Heathrow has ruled out introducing a flight cap this Christmas following a backlash from airlines over potential restrictions during the busiest days of the festive period.
The airport – the busiest in Europe – said it had a “good plan” in place for the coming weeks, after holding talks with airlines and ground handlers to prepare for the Christmas peak.
Options being discussed are understood to include moving flight times to prevent a crowding at security, as well as reducing the number of flights if airlines have numerous planes flying to the same destination but at reduced capacity. Airlines often consolidate flights in this way as a way of cutting costs.
While talks for other options are taking place, Heathrow said it will not be forcing airlines to cut flights, following a consultation which ended last month.
John Holland-Kaye, chief executive of Heathrow, said: “We have come so far since Omicron grounded Christmas travel plans last year. Heathrow, our airline partners and their handlers are all working together to make sure everyone can be reunited with their loved ones this Christmas.”
It comes after weeks of growing pressure from airlines over a proposed cap, with Virgin Atlantic co-owner Sir Richard Branson earlier this month saying he would be “extremely upset if [Heathrow] haven’t got their act together before Christmas”. “They’ve had a lot of time to get sorted – I’d be really pi–ed off if there were capacity cuts,” he said last week.
Virgin Atlantic had accused Heathrow of “continuing to downplay the strength of returning passenger demand”, and argued that airlines had “repeatedly warned of the need to use accurate forecasts to inform airport resourcing”.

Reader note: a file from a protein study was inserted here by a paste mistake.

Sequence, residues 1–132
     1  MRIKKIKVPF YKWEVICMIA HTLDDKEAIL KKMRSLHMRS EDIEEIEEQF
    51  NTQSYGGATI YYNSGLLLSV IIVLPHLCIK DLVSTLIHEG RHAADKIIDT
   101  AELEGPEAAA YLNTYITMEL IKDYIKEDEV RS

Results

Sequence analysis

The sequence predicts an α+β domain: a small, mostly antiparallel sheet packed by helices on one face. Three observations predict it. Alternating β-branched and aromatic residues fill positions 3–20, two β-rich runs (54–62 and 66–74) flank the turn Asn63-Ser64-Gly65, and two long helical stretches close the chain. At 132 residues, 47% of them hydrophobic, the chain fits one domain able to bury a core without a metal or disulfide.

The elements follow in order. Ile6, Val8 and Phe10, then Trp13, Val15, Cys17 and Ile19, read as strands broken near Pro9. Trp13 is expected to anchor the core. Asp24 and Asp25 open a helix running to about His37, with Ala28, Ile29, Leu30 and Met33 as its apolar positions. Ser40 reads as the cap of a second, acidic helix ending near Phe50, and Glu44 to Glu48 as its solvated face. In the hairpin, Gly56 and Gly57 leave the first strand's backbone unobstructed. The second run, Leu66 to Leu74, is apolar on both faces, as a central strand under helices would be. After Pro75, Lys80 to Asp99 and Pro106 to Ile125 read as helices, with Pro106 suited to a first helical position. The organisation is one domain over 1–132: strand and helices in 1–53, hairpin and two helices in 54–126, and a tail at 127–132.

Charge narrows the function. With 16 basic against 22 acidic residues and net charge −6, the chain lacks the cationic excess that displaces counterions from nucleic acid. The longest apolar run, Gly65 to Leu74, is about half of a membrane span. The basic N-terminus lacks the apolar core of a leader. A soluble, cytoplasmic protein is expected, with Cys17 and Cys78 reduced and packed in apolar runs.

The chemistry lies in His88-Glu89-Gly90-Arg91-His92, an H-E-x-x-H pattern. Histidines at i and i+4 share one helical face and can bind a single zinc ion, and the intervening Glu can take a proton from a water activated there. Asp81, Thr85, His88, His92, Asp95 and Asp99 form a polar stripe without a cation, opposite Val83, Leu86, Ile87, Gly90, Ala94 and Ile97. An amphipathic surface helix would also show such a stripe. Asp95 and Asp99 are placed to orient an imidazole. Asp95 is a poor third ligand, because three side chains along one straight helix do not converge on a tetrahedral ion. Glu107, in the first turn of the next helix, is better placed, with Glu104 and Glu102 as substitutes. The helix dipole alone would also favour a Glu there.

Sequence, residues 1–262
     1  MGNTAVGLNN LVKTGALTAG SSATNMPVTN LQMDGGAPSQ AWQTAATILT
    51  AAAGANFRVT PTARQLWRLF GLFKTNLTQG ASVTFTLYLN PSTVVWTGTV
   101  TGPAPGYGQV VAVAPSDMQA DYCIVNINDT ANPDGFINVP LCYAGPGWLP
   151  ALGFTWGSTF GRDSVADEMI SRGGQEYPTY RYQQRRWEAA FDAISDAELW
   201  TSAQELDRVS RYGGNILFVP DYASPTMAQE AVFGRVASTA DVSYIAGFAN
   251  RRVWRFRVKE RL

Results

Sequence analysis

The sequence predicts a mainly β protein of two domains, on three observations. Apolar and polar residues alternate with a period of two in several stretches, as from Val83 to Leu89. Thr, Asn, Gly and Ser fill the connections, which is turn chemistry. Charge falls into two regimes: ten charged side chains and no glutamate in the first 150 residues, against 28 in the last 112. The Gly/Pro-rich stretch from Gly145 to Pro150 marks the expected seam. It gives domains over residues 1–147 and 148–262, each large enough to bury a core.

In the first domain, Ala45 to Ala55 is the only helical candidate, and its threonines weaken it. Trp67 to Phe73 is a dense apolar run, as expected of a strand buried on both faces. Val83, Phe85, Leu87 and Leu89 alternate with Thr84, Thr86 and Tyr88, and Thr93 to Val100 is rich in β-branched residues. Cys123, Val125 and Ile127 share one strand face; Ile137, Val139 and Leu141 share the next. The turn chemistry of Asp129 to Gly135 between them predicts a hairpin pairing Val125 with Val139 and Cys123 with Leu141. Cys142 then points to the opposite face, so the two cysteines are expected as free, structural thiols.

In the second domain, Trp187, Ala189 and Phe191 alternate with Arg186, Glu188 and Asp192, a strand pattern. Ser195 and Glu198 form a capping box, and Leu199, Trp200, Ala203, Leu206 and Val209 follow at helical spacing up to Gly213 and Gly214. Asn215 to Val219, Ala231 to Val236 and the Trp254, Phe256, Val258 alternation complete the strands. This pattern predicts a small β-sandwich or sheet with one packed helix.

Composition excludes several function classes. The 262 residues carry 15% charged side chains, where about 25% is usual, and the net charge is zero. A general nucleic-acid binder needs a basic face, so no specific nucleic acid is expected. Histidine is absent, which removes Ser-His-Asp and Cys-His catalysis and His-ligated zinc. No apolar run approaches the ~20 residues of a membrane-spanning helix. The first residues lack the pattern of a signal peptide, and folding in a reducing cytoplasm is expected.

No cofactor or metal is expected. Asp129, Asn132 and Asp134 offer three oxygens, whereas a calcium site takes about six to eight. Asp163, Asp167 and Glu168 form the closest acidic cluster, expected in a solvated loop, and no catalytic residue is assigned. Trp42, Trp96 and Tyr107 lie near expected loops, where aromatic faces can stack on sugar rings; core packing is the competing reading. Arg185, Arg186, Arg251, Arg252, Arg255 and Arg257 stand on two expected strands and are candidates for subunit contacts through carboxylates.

A spokesman for Virgin Atlantic said: “By maintaining a deliberately pessimistic outlook, customers risk a poorer airport experience.”
Sir Tim Clark, president of Emirates, had called for Mr Holland-Kaye to resign after the Telegraph disclosed last month that the airport was in talks with carriers to introduce an ad hoc cap during peak periods this Christmas.
Over the summer, Heathrow limited passenger numbers to 100,000 a day, arguing that it would prevent similar travel chaos experienced when Covid restrictions were first eased as it struggled to recruit enough staff. Both airlines and airports had blamed each other for the disruption, after passengers faced swathes of cancellations and long queues for security. The restrictions were lifted late last month.
However, Heathrow had suggested that it was considering limiting flight numbers once again over the festive rush, saying it expected “peak days at Christmas to be very busy”.
Last month, a spokesman said: “We are working with our airline partners to develop a more targeted mechanism, which protects passenger service during peak periods.”
Heathrow’s decision to rule out a flight cap comes after a hiring push by the airport. Heathrow is expected to reach pre-pandemic employment levels before next year’s summer peak, after training around 16,000 staff over the last 12 months.
The airline said it had served 5.9 million passengers in October, equal to around 84pc of 2019 levels, saying there was buoyant demand from people booking holidays, particularly over the half term. It recorded its busiest day since July last month.
Heathrow said it was also aware of upcoming possible strike action which included Border Force workers.
It said: “We are supporting organisations on contingency plans to minimise any impact, and encourage all parties to put the interests of passengers first.”